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Postconflict Monetary Reconstruction

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  • Christopher Adam
  • Paul Collier
  • Victor A.B. Davies

Abstract

During civil wars governments typically resort to inflation to raise revenue. A model of this phenomenon is presented, estimated, and applied to the choices and constraints faced during the postconflict period. The results show that far from there being a fiscal peace dividend, postconflict governments tend to face even more pressing needs after than during war. As a result, in the absence of postconflict aid, inflation increases sharply, frustrating a more general monetary recovery. Aid decisively transforms the path of monetary variables in the postconflict period, enabling the economy to regain peacetime characteristics. Postconflict aid thus achieves a monetary "reconstruction" analogous to its more evident role in infrastructure. Copyright The Author 2008. Published by Oxford University Press on behalf of the International Bank for Reconstruction and Development / the world bank . All rights reserved. For permissions, please e-mail: journals.permissions@oxfordjournals.org, Oxford University Press.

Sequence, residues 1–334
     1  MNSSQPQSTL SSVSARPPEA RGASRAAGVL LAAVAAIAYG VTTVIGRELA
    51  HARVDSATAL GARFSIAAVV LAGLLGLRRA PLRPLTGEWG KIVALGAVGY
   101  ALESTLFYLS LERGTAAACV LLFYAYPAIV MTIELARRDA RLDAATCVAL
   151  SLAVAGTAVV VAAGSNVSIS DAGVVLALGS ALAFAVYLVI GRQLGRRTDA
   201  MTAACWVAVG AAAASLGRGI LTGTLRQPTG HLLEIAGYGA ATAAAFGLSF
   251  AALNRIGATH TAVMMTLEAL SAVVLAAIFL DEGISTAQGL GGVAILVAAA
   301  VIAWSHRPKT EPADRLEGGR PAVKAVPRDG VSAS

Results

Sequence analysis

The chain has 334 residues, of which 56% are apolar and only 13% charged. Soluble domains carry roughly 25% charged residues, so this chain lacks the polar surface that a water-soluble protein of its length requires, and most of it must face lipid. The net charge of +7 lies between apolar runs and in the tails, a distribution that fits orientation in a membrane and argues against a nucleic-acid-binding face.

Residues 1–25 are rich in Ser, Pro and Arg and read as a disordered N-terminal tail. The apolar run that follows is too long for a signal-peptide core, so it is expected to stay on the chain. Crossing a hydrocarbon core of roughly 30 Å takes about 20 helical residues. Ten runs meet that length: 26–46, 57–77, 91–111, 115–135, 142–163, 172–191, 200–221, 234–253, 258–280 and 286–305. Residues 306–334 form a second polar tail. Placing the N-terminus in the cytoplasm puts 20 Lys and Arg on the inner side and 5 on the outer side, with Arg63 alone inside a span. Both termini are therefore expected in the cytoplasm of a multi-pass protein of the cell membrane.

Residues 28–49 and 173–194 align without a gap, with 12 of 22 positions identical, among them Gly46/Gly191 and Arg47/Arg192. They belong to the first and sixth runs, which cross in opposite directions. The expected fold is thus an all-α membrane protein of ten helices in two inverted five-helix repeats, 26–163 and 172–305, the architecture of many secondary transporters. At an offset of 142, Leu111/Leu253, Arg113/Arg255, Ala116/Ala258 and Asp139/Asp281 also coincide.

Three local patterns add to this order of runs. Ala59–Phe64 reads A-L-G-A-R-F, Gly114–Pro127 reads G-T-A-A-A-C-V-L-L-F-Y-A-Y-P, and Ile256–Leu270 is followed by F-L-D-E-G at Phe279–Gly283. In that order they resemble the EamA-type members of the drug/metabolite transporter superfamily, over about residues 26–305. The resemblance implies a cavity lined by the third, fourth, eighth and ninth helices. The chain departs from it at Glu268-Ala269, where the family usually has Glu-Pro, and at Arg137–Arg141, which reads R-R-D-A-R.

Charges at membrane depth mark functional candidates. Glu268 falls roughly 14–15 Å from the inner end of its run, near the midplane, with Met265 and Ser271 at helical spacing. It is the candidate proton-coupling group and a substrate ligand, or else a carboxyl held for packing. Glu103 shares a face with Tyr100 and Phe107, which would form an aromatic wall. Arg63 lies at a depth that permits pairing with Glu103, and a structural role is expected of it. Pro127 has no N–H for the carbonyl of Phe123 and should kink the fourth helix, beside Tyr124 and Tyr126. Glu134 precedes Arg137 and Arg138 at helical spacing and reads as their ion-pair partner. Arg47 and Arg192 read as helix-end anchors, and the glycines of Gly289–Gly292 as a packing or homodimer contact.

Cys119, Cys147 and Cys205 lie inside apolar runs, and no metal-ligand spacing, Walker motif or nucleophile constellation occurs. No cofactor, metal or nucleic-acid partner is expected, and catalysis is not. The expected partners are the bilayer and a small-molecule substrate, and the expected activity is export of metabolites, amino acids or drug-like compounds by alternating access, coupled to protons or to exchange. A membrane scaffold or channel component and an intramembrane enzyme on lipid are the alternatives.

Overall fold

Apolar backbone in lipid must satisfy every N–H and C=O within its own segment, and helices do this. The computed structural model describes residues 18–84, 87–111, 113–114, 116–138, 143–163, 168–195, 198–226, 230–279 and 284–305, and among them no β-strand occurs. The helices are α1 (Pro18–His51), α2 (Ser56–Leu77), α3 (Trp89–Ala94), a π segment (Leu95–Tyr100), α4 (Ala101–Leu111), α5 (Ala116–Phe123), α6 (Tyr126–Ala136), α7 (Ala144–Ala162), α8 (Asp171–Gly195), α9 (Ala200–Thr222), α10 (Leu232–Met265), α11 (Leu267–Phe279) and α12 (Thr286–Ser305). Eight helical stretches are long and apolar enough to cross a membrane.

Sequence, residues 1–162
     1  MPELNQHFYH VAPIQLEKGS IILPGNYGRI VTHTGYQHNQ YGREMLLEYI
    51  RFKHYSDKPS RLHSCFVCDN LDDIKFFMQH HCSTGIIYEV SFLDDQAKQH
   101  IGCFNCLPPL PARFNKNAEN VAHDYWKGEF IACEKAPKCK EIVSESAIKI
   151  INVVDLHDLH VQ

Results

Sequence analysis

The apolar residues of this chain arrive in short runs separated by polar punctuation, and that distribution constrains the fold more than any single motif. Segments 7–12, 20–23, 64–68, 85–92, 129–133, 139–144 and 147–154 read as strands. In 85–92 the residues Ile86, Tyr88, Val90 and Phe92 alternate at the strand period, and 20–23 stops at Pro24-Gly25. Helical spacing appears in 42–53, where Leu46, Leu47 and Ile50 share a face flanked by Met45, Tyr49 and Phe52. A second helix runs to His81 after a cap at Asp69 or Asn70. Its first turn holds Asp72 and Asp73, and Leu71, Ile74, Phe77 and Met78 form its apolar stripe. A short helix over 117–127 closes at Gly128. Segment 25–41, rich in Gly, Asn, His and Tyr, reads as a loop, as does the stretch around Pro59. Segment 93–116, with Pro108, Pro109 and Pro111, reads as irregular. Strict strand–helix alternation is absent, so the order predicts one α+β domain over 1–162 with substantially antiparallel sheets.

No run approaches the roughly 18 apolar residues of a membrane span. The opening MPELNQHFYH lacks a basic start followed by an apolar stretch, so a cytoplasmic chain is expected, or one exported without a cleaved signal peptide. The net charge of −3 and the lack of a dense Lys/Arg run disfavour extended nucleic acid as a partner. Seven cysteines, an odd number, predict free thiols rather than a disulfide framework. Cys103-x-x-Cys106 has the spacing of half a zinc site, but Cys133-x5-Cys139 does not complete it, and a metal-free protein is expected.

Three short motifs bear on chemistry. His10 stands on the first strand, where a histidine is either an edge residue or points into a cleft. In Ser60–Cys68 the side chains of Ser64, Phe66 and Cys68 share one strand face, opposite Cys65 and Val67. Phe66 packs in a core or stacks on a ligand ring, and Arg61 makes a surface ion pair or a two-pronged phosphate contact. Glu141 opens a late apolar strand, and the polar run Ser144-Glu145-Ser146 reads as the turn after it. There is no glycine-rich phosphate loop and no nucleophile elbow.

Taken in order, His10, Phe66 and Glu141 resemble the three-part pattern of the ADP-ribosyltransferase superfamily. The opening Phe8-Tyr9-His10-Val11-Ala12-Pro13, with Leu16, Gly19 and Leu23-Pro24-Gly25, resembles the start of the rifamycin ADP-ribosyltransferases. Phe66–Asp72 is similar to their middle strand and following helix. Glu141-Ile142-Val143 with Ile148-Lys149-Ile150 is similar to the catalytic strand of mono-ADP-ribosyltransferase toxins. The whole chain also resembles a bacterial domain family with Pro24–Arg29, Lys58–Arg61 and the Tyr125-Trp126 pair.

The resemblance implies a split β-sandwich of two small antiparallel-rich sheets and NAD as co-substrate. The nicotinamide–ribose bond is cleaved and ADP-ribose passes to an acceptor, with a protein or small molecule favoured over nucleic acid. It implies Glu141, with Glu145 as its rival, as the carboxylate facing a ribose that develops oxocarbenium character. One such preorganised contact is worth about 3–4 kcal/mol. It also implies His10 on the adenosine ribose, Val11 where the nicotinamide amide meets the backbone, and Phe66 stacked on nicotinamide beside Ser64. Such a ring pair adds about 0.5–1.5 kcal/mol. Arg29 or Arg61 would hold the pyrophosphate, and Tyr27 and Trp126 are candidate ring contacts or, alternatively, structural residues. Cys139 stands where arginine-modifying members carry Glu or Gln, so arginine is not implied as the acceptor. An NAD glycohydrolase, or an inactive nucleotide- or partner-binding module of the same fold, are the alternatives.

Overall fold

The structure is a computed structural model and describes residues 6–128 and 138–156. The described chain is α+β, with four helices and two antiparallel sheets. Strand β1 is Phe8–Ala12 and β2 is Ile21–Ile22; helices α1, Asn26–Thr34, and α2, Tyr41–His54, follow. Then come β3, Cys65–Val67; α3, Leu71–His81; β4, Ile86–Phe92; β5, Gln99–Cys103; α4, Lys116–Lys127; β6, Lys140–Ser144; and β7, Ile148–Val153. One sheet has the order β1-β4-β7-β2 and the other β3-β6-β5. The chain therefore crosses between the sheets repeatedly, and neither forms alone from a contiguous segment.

Suggested Citation

  • Christopher Adam & Paul Collier & Victor A.B. Davies, 2008. "Postconflict Monetary Reconstruction," World Bank Economic Review, World Bank Group, vol. 22(1), pages 87-112, January.
  • Handle: RePEc:oup:wbecrv:v:22:y:2008:i:1:p:87-112
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    File URL: http://hdl.handle.net/10.1093/wber/lhm020
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    Cited by:

    1. Gupta, Sanjeev, 2008. "Enhancing Effective Utilization of Aid in Fragile States," WIDER Working Paper Series 007, World Institute for Development Economic Research (UNU-WIDER).
    2. Ibrahim Elbadawi & Raimundo Soto, 2013. "Aid, Exchange Rate Regimes and Post-conflict Monetary Stabilization," Working Papers 751, Economic Research Forum, revised May 2013.
    3. Khusrav Gaibulloev & Javed Younas, 2016. "Conflicts and domestic bank lending," Public Choice, Springer, vol. 169(3), pages 315-331, December.

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